Editor’s Note: This is the first of a two-part series.
Close to 100 people attended the Yosemite Gateway Partners meeting at Yosemite Lodge this week. They represented state, county and federal agencies, private businesses, non-profit groups and the media. And a few came just because they love Yosemite.
Yosemite Gateway Partners is a non-profit organization formed almost 15 years ago. The group brings Yosemite National Park and its surrounding communities together in a mutually beneficial working relationship to address the important issues affecting the region.
This quarterly meeting addressed how the Rim fire affected the communities and the park economically, environmentally and culturally.
A little over 250,000 million acres burned during the fire last August and September. The natural disaster involved Yosemite National Park, Stanislaus National Forest and Tuolumne County directly. Neighboring counties were also affected to some degree.
Business virtually shut down for touring companies, putting many local residents out of work. One cafe owner along Highway 120 had to lay off 12 of his 15 employees during the Rim fire. More area hotels, restaurants and businesses would have suffered, too, except for firefighters needing food and lodging.
Rob Griffith, who is with the Stanislaus National Forest, said his agency now has the job of removing dead trees from burned areas near roads, trailheads, recreation sites and other public areas.
Analysis in the works
An environmental analysis is being conducted to determine whether the timber can somehow be used as a commodity. If salvaged timber can be used commercially, money received will go toward recovery and restoration efforts.
Griffith also said that an environmental review process is being followed, because the Forest service wants to protect what vegetation and wildlife is left.
“Some wildlife use black, dead trees for their habitat, but not all,” he said.
As for reforestation, Griffith is not sure yet when trees will be replanted. The Forest Service is looking at areas where trees will naturally replant themselves and where reforestation efforts will work best.
According to Chris Graham, a hydrologist with Hetch Hetchy Water and Power, there wasn’t much burn area within the upcountry watersheds. Low forest densities and limited fuels exist near Hetch Hetchy, Lake Eleanor and Cherry Lake. Only a few spot fires needed to be contained in the granite-dominated basin.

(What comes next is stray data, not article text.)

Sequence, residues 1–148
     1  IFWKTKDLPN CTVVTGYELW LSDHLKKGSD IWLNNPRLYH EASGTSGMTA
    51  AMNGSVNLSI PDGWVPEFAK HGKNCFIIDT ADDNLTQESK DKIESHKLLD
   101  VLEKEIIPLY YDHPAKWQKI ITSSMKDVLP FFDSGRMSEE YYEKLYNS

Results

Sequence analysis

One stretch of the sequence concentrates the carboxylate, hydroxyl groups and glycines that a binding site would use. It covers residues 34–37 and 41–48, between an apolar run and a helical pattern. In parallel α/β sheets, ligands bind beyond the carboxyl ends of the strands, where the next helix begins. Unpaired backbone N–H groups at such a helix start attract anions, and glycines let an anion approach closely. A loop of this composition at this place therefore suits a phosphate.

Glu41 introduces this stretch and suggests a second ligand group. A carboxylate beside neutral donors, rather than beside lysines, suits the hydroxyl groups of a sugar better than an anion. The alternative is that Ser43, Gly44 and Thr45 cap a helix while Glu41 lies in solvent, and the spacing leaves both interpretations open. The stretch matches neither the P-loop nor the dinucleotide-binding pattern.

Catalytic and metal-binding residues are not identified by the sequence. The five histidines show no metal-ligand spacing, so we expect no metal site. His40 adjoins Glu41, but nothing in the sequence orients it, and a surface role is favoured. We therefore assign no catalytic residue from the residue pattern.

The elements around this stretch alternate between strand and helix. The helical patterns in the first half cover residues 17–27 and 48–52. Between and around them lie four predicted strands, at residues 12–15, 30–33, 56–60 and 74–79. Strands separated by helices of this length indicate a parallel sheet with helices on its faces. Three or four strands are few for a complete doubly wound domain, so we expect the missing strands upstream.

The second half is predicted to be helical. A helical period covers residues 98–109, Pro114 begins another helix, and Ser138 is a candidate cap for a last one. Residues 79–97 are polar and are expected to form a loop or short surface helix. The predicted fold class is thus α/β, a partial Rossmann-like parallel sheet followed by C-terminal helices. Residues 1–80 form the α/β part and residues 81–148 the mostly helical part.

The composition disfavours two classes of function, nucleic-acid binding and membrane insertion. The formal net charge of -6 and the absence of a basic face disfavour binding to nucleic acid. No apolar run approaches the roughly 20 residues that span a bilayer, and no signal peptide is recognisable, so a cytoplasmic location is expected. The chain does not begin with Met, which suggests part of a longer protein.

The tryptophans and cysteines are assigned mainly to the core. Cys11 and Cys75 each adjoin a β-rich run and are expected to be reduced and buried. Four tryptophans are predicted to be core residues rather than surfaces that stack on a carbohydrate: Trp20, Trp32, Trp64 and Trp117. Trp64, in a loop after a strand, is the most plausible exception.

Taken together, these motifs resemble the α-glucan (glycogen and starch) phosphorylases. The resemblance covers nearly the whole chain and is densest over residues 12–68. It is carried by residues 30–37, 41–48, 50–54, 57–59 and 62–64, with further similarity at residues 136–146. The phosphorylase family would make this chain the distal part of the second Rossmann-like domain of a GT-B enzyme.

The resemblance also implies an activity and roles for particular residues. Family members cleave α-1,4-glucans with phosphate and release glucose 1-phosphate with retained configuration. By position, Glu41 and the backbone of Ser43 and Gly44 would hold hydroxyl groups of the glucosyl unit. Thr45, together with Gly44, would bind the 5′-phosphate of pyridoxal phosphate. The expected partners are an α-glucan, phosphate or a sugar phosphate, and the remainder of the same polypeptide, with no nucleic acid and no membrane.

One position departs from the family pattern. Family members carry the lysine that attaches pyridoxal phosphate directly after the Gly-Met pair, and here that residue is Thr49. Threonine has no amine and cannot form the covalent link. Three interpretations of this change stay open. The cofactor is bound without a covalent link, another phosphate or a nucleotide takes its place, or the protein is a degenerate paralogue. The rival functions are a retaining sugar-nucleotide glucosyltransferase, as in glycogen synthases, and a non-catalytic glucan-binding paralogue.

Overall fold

“Water sampling and monitoring have shown no fire impacts on water quality, compared to samples taken just a week before the fire,” Graham said.
Water lines damaged
In addition, there was no damage to the water delivery system, but distribution lines were damaged in four areas. Some loss of communications occurred, and multiple non-critical structures (such as storage sheds) were destroyed
Caltrans Maintenance Manager Rick McComb oversees the eight counties within District 10.
During the Rim fire, Caltrans was called out by California Highway Patrol to keep roads open and provide access for evacuation. Only a few days after the fire started, it became obvious that a bigger Caltrans mobilization was needed. Other counties were called, including 50 Caltrans specialists.
McComb described some of the recovery restoration efforts that have already been implemented.
Supplies were hauled into the Groveland station, along with 40 pieces of equipment. Wood guardrail posts had burned and needed replacement, so guardrails could be reattached. Caltrans erected new highway signs, removed hazard trees, provided traffic control for road closures, hauled off associated waste, plus much more.
Fortunately very little asphalt on Highway 120 was damaged.
“Working with the Forest Service, $400,000 of hydra-seeding was placed in areas below roads to protect the roads and stabilize land surrounding the roadway,” McComb said. “Germination is already starting.”
“As the third-largest fire in California’s history, we will see a huge, huge impact from this for a long time to come,” he added.
Yosemite Gateway Partners meets quarterly, and the public is invited. To learn more about the group, visit www.yosemitegatewaypartners.org or call (209) 962-4917.
Debbie Croft writes about life in the foothill communities. She can be reached at firstname.lastname@example.org.